The Futility of enforcing the "Right to the City" in the face of Neoliberal Globalization
HCED Reading response for Tuesday September 20, 2016
Last week diplomats representing almost every world government agreed to the “New Urban Agenda” a document that aims to set global priorities for global urban policy for next 20 years. While the document will not formally be adopted until the Habitat-III conference in late October, the negotiated text is not expected to change. The final consensus document is the result of thousands of hours of deliberation, advocacy, negotiation, and word-smithing. And the language in the document is quite strong; my advocacy colleagues who poured in the negotiations through the Major Group for Children and Youth are very proud of the result.
Paragraph 11 of the New Urban Agenda contains the first-ever mention of “the right to the city” in international law:
11. We share a vision of cities for all, referring to the equal use and enjoyment of cities and human settlements, seeking to promote inclusivity and ensure that all inhabitants, of present and future generations, without discrimination of any kind, are able to inhabit and produce just, safe, healthy, accessible, affordable, resilient, and sustainable cities and human settlements, to foster prosperity and quality of life for all. We note the efforts of some national and local governments to enshrine this vision, referred to as right to the city, in their legislations, political declarations and charters.
This negotiation result is particularly relevant for my Housing, Community, Economic Development class readings this week, which included an article called Taking the Right to the City Forward. Miloon Kothari and Shivani Chaudhry, the authors of that piece, urged civil society to consolidate many disparate demands of urban justice around the central concept of the “right to the city.” Civil society did just that, creating a global platform and campaigning vigorously for the New Urban Agenda to include “the right to the city.” And while the final negotiated language was watered down, the advocates achieved their goal.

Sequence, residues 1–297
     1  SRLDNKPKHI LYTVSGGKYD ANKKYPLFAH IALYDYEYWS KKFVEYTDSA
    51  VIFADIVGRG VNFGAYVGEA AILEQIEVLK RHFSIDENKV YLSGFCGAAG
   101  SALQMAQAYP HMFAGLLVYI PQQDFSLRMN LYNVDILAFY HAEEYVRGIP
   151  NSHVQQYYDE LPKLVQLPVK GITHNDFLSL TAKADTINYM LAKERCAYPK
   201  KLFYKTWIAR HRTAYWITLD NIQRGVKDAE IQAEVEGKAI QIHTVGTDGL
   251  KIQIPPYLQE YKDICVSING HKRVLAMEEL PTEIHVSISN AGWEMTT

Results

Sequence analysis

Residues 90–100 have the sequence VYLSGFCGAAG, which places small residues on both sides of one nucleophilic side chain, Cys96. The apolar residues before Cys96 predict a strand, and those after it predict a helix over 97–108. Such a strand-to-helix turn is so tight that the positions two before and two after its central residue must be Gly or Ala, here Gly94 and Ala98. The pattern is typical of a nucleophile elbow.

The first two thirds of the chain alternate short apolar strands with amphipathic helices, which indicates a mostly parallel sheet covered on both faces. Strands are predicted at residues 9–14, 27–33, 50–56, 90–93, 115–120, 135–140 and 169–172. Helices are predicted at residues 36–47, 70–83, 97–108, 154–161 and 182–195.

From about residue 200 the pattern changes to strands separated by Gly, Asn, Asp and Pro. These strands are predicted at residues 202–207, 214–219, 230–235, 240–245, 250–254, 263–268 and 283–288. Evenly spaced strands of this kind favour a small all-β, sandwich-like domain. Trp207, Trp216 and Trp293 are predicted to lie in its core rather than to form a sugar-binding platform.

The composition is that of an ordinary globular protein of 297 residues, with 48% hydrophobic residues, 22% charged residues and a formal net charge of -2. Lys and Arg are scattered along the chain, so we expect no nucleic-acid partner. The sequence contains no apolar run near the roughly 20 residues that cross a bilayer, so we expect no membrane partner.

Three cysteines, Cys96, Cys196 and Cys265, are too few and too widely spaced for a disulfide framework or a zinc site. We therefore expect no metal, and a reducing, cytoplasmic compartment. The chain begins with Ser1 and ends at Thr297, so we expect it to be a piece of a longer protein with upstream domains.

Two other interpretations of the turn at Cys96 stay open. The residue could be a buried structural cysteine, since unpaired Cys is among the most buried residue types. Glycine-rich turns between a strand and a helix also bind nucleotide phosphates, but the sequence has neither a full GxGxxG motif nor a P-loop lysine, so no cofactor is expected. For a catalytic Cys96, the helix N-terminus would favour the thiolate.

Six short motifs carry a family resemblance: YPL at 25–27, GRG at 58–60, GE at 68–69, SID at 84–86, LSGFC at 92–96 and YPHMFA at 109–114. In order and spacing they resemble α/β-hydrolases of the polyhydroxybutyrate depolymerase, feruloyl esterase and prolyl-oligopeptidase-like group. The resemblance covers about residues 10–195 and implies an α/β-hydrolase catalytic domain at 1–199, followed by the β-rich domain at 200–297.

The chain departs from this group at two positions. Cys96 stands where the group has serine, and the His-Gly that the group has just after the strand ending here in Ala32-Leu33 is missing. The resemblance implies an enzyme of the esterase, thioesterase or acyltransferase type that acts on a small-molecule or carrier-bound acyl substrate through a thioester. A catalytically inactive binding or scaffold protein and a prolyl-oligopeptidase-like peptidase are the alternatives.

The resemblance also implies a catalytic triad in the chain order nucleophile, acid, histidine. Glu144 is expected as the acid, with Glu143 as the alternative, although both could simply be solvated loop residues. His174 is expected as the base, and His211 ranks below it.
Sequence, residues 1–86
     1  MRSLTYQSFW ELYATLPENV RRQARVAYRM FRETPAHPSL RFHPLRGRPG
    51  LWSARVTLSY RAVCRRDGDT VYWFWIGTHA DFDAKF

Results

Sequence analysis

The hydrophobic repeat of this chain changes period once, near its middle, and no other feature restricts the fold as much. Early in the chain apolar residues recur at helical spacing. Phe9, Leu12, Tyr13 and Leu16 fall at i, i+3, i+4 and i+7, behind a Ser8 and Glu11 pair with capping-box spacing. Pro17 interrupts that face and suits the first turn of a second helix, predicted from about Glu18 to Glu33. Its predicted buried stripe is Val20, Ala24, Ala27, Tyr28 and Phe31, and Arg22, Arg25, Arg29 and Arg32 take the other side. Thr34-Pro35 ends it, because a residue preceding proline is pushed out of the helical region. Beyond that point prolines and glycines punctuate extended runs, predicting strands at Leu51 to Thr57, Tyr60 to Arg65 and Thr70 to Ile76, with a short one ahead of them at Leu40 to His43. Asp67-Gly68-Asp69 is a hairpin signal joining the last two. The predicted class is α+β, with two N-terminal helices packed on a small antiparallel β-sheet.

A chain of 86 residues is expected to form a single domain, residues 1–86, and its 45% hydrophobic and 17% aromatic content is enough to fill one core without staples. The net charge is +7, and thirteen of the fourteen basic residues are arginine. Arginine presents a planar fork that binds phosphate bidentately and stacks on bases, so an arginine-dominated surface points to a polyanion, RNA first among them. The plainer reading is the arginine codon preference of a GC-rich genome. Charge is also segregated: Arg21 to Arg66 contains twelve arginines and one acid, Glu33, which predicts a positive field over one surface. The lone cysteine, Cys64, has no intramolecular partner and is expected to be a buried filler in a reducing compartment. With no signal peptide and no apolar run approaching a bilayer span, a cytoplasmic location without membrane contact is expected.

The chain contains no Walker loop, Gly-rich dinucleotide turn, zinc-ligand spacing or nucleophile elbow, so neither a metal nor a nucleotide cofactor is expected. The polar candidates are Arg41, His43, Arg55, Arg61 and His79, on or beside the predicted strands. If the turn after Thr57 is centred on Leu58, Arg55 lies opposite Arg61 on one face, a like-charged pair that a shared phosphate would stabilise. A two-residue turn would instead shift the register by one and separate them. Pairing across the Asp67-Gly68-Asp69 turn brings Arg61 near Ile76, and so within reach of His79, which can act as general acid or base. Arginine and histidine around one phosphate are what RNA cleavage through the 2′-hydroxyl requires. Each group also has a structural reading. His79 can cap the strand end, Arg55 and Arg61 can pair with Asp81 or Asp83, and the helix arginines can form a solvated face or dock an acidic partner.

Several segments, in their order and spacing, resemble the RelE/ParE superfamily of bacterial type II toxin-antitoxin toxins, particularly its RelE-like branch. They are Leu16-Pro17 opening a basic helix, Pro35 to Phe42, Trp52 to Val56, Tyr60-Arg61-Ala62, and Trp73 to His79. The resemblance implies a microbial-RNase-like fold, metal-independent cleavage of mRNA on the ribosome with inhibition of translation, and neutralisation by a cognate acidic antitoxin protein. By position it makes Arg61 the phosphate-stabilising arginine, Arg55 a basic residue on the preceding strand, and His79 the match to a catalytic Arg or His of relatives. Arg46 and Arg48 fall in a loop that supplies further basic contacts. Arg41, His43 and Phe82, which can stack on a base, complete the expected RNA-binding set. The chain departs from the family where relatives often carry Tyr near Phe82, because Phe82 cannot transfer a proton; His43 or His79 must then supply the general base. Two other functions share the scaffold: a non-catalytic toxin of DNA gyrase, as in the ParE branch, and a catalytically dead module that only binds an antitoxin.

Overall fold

Here’s the problem: while the “right to the city” will be formally included in international law, it will change almost nothing for poor and oppressed communities living within real cities. All of the violations of human rights highlighted in Taking the Right to the City Forward will continue. While the language of the New Urban Agenda (and other international agreements) is stirring, that language is not tied to any decisions regarding the allocation of real urban resources. While the “right to the city” will receive international lip-service, the underlying neoliberal economic logic that perpetuates the urban violation of human rights remains the same
I found Neil Smith’s article New Globalism, New Urbanism: Gentrification as Global Urban Strategy a sobering contrast to the optimism of the Taking the Right to the City Forward. The demands of global capital, which sets the terms within the current neoliberal economic model, means that city governments have little choice but to structure their operations in a way to attract international investment. If the nation-state no longer provides funding for essential social services and cities need to compete with each other for scarce funding city, then the demands of the market will trump obligations of human rights. As the New Globalism article explains, this has led to absurdly unjust situations. Among other things, this includes large-scale spatial segregation of rich and poor and state-subsidized gentrification of poor neighborhoods at the city center, under the guise of the euphemism “urban regeneration.”
One particular example of current urban injustice is the 4-hour travel required by the lowest-paid workers in rapidly developing cities like São Paulo and Harare. While workers and citizens in older western cities are able to organize enough resistance to prevent such spatial segregation, workers in these new mega-cities have not. And amazingly, this arrangement appears to be economically sustainable. As Neil Smith notes the “rigors of almost unbearable commuting… have elicited a ‘desperate resilience’ and been absorbed amidst the wider social breakdown.”
The authors of Taking the Right to the City Forward would agree with Smith’s identification of specific social harms. But I find their proposed solution of creating and enforcing international soft law extremely unsatisfying. To create the framework for local enforcement of human rights, we need new incentive structures for cities. And that cannot happen without a dramatic reorientation of the global economic model, which will likely need to happen through the institutional form of existing national governments. Calling for enforcement of existing laws and for local governments to implement needed policies is easy. Organizing and building enough political power to make such policies real is not. And that is what is needed if we are to change the underlying logic presented in New Globalism and actually take the right of the city forward.